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Are ETFs Vulnerable in Periods of Sharp Market Volatility?

This article was originally published on ETFTrends.com.

Societe Generale SA warned of potential liquidity risks in some ETF segments, notably those that track less liquid or smaller market categories.

After stress-testing 16,000 stocks, the French bank argued that small-caps, dividend stocks and gold miners are acutely vulnerable in market pullbacks due to the outsized ownership of passive investments due to the lockstep nature of these types of investments, Bloomberg reports.

“Crowdedness exists but is limited to a few stocks and strategies,” SocGen analysts led by Sebastien Lemaire wrote in a report last week.

The analysts warned that these positions could prove more costly for investors to exit once volatility spikes and many traders start to head toward the same exit. The conclusion is among the critiques ETF naysayers have pointed to, arguing that passive money has fueled an investing-herd mentality or contributed to crowding risk.

BlackRock, the largest ETF issuer through its iShares brand, has dismissed these warnings as fear mongering.

“This research is underpinned by two assumptions that don’t reflect the historic behavior of investors or ETFs,” the firm told Bloomberg. “To assume that all investors behave the same way in times of market stress is not grounded in reality. Additionally, we have repeatedly seen ETF volumes grow dramatically during times of stress as investors utilize them as a tool for price discovery.”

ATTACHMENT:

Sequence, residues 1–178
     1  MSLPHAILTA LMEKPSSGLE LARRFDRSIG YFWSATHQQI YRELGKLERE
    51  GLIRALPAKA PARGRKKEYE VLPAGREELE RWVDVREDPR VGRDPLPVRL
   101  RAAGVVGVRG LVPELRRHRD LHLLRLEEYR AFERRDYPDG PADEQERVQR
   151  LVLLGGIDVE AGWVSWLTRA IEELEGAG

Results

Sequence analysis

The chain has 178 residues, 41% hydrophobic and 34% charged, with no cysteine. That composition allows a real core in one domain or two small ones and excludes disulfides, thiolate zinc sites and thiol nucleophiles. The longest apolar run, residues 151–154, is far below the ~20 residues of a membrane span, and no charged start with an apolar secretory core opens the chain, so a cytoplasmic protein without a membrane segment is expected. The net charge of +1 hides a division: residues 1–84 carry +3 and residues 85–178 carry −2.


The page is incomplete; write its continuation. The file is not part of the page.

For instance, BlackRock pointed to its Turkey ETF, iShares MSCI Turkey ETF (TUR) , as a recent example. The ETF's underlying index plunged 16% on August 10 but trading remained orderly with no outsized impact on underlying shares.

“TUR saw its highest amount of daily trading volume ever, with 13.3 million shares exchanging hands that day, compared to its previous average daily volume of 500K shares,” BlackRock said.

Societe Generale's findings on ETF liquidity issues are not all negative. The bank found that around 90% of the world's equities aren't likely subject to a liquidity squeeze since less than 10% of the company stocks are owned by ETFs.

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